Advertisement
Advertisement


Transitions on the CSS display property


Question

I'm currently designing a CSS 'mega dropdown' menu - basically a regular CSS-only dropdown menu, but one that contains different types of content.

At the moment, it appears that CSS 3 transitions don't apply to the 'display' property, i.e., you can't do any sort of transition from display: none to display: block (or any combination).

Is there a way for the second-tier menu from the above example to 'fade in' when someone hovers over one of the top level menu items?

I'm aware that you can use transitions on the visibility: property, but I can't think of a way to use that effectively.

I've also tried using height, but that just failed miserably.

I'm also aware that it's trivial to achieve this using JavaScript, but I wanted to challenge myself to use just CSS, and I think I'm coming up a little short.

2019/11/26
1
1503
11/26/2019 7:17:26 AM

Accepted Answer

You can concatenate two transitions or more, and visibility is what comes handy this time.

div {
  border: 1px solid #eee;
}
div > ul {
  visibility: hidden;
  opacity: 0;
  transition: visibility 0s, opacity 0.5s linear;
}
div:hover > ul {
  visibility: visible;
  opacity: 1;
}
<div>
  <ul>
    <li>Item 1</li>
    <li>Item 2</li>
    <li>Item 3</li>
  </ul>
</div>

(Don't forget the vendor prefixes to the transition property.)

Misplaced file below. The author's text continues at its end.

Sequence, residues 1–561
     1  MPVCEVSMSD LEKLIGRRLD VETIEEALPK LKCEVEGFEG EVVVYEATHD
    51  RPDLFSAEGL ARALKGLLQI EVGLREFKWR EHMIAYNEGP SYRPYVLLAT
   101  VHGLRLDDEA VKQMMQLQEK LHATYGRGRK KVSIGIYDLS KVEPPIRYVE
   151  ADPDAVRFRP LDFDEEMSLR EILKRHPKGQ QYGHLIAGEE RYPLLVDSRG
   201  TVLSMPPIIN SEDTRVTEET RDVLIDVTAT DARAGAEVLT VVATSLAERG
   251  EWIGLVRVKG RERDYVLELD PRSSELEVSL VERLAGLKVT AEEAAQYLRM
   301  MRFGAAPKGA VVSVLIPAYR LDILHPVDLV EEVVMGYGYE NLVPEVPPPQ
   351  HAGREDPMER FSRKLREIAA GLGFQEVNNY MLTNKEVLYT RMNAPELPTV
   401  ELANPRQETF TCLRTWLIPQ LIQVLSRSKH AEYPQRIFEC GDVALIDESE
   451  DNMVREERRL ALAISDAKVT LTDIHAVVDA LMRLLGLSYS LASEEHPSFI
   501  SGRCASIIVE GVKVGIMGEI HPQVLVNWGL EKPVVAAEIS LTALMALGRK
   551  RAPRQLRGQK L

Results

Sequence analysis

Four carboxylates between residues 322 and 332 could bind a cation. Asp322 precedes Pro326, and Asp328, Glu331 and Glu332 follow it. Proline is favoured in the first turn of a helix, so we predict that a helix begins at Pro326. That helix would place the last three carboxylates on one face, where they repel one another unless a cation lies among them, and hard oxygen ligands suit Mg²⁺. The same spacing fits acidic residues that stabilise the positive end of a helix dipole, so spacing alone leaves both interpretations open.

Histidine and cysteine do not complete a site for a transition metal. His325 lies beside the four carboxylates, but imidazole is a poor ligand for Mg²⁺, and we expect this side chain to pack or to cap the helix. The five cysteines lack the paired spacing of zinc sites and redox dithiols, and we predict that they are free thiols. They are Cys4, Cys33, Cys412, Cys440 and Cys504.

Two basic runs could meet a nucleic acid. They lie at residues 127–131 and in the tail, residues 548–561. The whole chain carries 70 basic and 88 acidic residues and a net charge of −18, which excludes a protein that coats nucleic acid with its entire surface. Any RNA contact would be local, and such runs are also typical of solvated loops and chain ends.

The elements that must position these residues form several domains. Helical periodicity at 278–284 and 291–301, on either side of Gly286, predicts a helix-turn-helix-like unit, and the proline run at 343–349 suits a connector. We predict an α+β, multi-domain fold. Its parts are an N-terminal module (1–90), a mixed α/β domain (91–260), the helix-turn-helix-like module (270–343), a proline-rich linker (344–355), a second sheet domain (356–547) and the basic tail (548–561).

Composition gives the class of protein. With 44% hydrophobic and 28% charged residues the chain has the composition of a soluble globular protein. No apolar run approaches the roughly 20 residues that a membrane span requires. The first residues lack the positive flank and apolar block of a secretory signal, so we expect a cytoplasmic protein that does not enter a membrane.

More details are in this article.

2019/09/29
1405
9/29/2019 5:47:15 PM


At the time of this post all major browsers disable CSS transitions if you try to change the display property, but CSS animations still work fine so we can use them as a workaround.

Example Code (you can apply it to your menu accordingly) Demo:

Add the following CSS to your stylesheet:

@-webkit-keyframes fadeIn {
    from { opacity: 0; }
      to { opacity: 1; }
}
@keyframes fadeIn {
    from { opacity: 0; }
      to { opacity: 1; }
}

Then apply the fadeIn animation to the child on parent hover (and of course set display: block):

.parent:hover .child {
    display: block;
    -webkit-animation: fadeIn 1s;
    animation: fadeIn 1s;
}

Update 2019 - Method that also supports fading out:

(Some JavaScript code is required)

// We need to keep track of faded in elements so we can apply fade out later in CSS
document.addEventListener('animationstart', function (e) {